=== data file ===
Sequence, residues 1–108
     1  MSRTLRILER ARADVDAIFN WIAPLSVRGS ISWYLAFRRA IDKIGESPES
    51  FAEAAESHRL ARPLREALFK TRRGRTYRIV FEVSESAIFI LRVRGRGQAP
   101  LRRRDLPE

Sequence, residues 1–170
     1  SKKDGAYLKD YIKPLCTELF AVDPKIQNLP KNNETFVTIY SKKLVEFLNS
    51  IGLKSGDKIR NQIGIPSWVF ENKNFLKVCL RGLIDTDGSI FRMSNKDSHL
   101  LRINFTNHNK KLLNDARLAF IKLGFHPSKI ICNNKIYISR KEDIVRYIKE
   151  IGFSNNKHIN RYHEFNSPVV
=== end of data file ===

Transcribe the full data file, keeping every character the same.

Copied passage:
Sequence, residues 1–108
     1  MSRTLRILER ARADVDAIFN WIAPLSVRGS ISWYLAFRRA IDKIGESPES
    51  FAEAAESHRL ARPLREALFK TRRGRTYRIV FEVSESAIFI LRVRGRGQAP
   101  LRRRDLPE

Sequence, residues 1–170
     1  SKKDGAYLKD YIKPLCTELF AVDPKIQNLP KNNETFVTIY SKKLVEFLNS
    51  IGLKSGDKIR NQIGIPSWVF ENKNFLKVCL RGLIDTDGSI FRMSNKDSHL
   101  LRINFTNHNK KLLNDARLAF IKLGFHPSKI ICNNKIYISR KEDIVRYIKE
   151  IGFSNNKHIN RYHEFNSPVV